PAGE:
I was telling a friend on Goodreads when you're writing a Jane Eyre retelling you basically have two options: crime drama or romance. Gothics can really be adapted either way and I don't think either of them is wrong, even though the romance reader in me will be screaming and slamming fists if I don't get my HEA.
In THE OTHER WIFE, Juliet Bell (brilliant pseudonym btw, iykyk) opts for the former. Set in the 80s, in the Australian Outback, she made the interesting choice to tell the story in dual POV. In one telling, you have Jane: a closeted queer woman who grew up on a hippie commune, only to be sent to live with an abusive aunt and cousins before being shipped off to a British christian boarding school where she has an F/F romance that ends in tragedy. In the other telling, you have Elizabeth/Betty, Edward's first wife: a half-Black orphan, who learns that sexuality is the only agency she has... until she discovers fire.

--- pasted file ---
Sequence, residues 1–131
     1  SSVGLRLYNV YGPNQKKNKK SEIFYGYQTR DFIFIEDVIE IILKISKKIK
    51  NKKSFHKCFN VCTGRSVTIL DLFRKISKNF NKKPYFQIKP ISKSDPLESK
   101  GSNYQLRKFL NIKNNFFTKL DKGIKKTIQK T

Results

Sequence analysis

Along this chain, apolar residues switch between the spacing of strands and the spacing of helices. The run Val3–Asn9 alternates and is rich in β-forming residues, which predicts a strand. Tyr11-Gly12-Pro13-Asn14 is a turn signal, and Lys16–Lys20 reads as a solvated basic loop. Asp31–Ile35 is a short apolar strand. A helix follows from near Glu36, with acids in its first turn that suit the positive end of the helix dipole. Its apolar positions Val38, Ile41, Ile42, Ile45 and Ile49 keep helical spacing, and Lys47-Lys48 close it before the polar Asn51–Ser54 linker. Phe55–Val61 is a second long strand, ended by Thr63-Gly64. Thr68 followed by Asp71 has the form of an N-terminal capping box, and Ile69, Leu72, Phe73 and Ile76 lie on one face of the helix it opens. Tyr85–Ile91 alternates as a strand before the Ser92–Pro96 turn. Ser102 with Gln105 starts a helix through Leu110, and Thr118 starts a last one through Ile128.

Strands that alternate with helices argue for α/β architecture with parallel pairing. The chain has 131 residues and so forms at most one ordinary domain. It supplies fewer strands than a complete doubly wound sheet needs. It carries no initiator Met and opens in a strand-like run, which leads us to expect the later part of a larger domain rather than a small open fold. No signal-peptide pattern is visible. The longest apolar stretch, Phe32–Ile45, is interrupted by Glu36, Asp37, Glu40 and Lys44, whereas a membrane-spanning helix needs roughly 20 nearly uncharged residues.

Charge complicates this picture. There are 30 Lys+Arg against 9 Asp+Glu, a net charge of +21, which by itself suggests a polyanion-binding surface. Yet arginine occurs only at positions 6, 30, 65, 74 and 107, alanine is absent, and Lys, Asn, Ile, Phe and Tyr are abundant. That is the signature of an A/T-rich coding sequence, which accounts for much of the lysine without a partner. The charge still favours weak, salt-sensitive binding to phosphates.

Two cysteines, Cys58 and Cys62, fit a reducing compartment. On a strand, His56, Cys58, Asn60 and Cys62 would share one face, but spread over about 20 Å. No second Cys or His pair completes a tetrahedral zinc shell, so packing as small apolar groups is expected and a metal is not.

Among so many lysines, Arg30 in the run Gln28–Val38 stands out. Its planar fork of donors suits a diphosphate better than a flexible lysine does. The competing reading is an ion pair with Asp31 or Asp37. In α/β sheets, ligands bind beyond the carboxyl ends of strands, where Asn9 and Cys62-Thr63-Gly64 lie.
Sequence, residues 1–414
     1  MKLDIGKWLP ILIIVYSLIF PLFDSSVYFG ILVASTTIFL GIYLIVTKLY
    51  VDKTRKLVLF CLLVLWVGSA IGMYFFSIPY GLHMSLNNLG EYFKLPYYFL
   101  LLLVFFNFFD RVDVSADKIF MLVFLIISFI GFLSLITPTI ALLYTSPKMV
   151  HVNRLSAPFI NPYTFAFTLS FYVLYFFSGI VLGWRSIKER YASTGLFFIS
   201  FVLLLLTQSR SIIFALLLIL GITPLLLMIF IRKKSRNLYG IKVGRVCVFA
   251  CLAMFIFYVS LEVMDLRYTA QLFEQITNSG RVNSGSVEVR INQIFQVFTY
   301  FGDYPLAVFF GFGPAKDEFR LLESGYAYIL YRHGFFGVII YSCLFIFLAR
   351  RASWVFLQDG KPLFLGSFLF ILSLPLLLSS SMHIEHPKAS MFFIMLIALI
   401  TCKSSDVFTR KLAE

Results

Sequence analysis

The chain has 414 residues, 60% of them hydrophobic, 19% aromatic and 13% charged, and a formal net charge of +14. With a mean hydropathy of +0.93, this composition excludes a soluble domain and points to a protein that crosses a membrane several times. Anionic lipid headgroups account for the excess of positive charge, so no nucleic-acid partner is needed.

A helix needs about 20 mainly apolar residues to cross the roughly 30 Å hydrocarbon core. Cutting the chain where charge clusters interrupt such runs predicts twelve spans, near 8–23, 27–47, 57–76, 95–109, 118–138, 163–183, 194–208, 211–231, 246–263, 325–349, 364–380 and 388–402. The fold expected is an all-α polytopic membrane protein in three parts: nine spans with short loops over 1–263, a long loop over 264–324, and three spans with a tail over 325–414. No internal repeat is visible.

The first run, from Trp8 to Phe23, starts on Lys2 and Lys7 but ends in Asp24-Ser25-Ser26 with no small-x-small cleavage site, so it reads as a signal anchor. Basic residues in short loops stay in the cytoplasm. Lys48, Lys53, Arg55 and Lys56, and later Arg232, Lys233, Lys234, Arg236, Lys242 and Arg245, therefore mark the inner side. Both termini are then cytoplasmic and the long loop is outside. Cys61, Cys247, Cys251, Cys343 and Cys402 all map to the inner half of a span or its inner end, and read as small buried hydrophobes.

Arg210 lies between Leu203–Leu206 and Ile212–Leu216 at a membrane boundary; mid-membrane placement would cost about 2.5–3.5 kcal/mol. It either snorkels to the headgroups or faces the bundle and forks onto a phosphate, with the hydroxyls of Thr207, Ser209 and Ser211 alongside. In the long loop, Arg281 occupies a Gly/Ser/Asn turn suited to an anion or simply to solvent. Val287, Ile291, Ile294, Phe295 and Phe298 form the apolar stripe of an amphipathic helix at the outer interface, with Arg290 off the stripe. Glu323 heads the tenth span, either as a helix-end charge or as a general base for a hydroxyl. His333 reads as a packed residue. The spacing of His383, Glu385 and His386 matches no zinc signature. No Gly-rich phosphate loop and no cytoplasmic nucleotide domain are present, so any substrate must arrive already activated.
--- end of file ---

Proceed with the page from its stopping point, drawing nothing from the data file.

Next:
This is the second book I've read by these authors (Juliet Bell is the pseudonym of two British romance authors writing together). The first one was a WUTHERING HEIGHTS retelling set during the coal miners' strike in the 80s, which was not just a retelling but also an allegory for how the breaking down of the working class causes communities to crumble into ruin. I feel like THE OTHER WIFE is more of a social commentary than it is a romance, because it shows the homophobia of the 80s, the way religion can be used to degrade and abuse, as well as the Aboriginal land-rights movement and anti-Black racism. These are all very sensitive subjects, which end up making this a pretty dark book, but I felt like the authors made an effort to handle the material with care. That said, I would highly urge people to check the TWs and not read this if you are sensitive to SA, racism, or homophobia.
I really liked this book a lot but I'm not sure I'll be rereading it. I'm more team romance than I am team crime drama when it comes to Jane Eyre retellings, but the haunting ending of this book really fit the story the authors told and I'm sure I'll be thinking about it for a while.
"Reader, we let it burn."
4 to 4.5 out of 5 stars